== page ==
3. „Shoot for the moon, because even if you miss, you'll land in the stars.“ — Les Brown American politician 1945

  4. „Reach for the stars and even if you miss you will land among the stars“ — Wendy Mass American children's writer 1967 Quelle: Jeremy Finl & the Meaning of Life

  5. „If you shoot for the stars, you'll at least hit the moon“ — T. Harv Eker American writer 1954 Quelle: Secrets of the Millionaire Mind: Mastering the Inner Game of Wealth

  6. „Aim for the moon. If you miss, you may hit a star.“ — W. Clement Stone American New Thought author 1902 - 2002 As quoted in The Power of Choice (2007) by Joyce Guccione, p. 199 also attributed to Oscar Wilde (1854–1900) and Les Brown (1912–2001) Misattributed

Also look at this to find even more similar quotes. It is remarkable that 3. occurs in the alternative form „It is better to aim high and miss than to aim low and hit.“

Therefore I believe that we cannot really identify the creator of the aphorism. I think it has been circulating for a very long time and many people used it, perhaps not consciously knowing that they have heard it somewhere before.

The whole thing reminds me of a question concerning a quote attributed to Otto von Bismarck; see What is the original German version of Bismarck's phrase about intentions and capabilities? It is not clear whether he ever said it, but is nevertheless popular in Russia (though not in Germany).

Let me close by quoting Giordano Bruno:

Se non è vero, è molto ben trovato. (If it is not true it is very well invented.)

I hope this does not apply to itself.

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  • This is exactly what I was interested in knowing, thank you very much for your help !
    – Amelian
    Nov 13 '21 at 2:47
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    The quote is also attributed to W. Clement Stone, another American author of popular self-help books from the same era. Nov 13 '21 at 18:40
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I'd say that the original phrase is too lyrical to have an equivalent phrase that is not a literal translation.

A German proverb with a similar spirit would be

Wer nicht wagt, der nicht gewinnt

which has two obvious differences: Firstly, it is much more direct in what it wants to say, and second it uses negation which alters the meaning: Instead of saying „effort will always get you somewhere“ it says „no effort will get you nowhere“, which makes the phrase more pessimistic.

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  • I wouldn't say pessimistic but realistic. Nov 13 '21 at 8:30
  • @infinitezero Pessimistic relative to the original phrase, realistic in absolute terms.
    – flyx
    Nov 13 '21 at 10:59
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My suggestion for the German translation.

Ziele auf den Mond. Selbst wenn du ihn verfehlst, landest du zwischen den Sternen.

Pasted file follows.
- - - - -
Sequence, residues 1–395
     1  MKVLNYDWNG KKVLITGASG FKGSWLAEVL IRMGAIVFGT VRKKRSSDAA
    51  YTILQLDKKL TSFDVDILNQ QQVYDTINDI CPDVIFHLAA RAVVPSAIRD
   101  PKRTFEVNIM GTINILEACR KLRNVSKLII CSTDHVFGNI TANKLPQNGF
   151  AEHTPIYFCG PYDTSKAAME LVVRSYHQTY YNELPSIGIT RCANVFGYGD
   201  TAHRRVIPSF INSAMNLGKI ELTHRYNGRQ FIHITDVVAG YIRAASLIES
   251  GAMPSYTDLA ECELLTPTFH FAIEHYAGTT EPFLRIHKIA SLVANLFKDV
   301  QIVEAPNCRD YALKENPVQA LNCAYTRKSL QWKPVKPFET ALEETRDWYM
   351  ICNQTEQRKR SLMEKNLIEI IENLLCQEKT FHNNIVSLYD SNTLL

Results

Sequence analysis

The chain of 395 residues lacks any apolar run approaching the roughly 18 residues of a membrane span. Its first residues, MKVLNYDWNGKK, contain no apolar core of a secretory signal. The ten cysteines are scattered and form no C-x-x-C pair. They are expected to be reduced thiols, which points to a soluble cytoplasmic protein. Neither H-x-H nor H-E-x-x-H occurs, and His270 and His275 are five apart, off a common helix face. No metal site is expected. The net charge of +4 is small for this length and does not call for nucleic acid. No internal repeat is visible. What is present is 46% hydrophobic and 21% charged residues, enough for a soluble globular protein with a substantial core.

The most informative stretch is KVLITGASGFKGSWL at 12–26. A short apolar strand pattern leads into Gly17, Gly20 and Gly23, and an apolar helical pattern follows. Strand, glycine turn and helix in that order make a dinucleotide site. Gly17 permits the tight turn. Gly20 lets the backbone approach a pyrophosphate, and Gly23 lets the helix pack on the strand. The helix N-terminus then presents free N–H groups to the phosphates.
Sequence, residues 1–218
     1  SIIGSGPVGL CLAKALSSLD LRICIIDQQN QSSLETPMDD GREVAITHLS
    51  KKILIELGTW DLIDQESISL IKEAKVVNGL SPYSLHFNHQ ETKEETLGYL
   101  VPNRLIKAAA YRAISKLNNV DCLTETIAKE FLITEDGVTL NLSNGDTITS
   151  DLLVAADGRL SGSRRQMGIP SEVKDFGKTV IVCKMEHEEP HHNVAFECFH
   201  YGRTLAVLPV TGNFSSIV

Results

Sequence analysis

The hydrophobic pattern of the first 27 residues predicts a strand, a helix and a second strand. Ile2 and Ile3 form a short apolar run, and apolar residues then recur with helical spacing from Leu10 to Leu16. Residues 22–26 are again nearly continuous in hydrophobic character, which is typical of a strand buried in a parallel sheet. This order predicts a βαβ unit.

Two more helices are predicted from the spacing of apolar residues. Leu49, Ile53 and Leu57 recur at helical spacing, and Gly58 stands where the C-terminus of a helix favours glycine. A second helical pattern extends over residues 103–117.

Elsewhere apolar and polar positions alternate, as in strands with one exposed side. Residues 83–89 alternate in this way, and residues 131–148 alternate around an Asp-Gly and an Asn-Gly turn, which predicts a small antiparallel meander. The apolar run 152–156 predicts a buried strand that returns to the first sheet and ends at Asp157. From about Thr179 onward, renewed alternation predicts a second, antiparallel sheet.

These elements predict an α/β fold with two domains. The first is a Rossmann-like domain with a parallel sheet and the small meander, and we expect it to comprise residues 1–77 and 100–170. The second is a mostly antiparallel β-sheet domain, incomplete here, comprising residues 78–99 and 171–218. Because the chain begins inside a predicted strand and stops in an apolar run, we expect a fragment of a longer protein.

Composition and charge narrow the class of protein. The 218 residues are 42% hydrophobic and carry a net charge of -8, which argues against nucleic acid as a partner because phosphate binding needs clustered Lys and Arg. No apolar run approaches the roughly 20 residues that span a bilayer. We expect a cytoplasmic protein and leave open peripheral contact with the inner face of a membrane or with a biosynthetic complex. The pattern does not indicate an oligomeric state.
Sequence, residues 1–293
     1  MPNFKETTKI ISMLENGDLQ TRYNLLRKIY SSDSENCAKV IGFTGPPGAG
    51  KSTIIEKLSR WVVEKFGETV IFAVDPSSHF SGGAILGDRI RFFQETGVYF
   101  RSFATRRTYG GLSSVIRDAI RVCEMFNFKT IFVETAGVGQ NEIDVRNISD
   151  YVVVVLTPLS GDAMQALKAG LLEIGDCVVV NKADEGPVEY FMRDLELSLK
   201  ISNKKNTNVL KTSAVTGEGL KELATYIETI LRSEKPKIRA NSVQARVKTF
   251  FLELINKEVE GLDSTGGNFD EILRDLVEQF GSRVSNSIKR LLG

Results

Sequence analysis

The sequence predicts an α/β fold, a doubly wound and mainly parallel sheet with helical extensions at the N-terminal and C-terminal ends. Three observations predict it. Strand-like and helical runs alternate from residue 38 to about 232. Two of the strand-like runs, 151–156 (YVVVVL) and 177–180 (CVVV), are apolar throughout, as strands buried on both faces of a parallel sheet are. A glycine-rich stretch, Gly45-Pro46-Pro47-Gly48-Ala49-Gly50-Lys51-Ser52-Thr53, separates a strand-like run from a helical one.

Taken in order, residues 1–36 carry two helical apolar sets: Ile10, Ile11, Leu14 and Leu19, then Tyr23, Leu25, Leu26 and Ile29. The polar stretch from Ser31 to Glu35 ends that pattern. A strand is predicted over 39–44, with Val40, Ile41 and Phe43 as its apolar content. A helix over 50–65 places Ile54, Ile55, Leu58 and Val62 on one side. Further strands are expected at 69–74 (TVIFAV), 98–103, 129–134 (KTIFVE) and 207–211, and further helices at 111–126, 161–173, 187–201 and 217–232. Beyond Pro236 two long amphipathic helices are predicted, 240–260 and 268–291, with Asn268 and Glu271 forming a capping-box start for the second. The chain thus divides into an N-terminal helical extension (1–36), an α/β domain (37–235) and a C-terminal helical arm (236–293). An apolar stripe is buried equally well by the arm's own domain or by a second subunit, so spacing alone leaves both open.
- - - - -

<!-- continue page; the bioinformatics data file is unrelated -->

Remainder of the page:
This sounds to me much better than the suggested ones.

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An internationally used proverb that seems to have very similar meaning is the Latin fortes fortuna adiuvat. In English it's typically translated as fortune favours the bold (or the brave), in German as “den Mutigen hilft das Glück”. The term “das Glück des Tüchtigen” is also closely related.

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While reading your question I remembered

Denke riesig, werde groß

which is no German proverb, however. At least no listed one.

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My first impression was that "Shoot for the moon, even if you miss, you’ll land among the stars" has a very positive meaning and encourages people to pursue ambitious goals. Certainly that was the intention of the person who created it and all answers support this point of view.

But I think it is somewhat ambiguous. Yes, in the night sky the moon looks big and the stars look small, so the "obvious" interpretation is that you should have big goals, and even if you do not achieve them, you will still reach something precious, though perhaps a bit less than you wanted. And of course reaching the stars has a very positive connotation in itself.

On the other hand, the phrase says "shoot for the moon" - as an archer shooting arrows at a target. But isn't in this mental picture the moon just the biggest available target in the sense that it can most easily be hit? In other words, the interpretation could be to select the easiest goal because you will most likely achieve it. And even if you do not succeed, you get a consolation prize by hitting (unintentionally) smaller and more distant targets with your arrows.

My suggestion in this sense:

Setze Dir gut erreichbare Ziele, dann wirst Du nicht leer ausgehen.

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    Even if this points out some interesting reflections on the aphorism, it doesn't even try to provide an answer.
    – tofro
    Nov 16 '21 at 12:09
  • @tofro Right, see my update. Nov 16 '21 at 17:38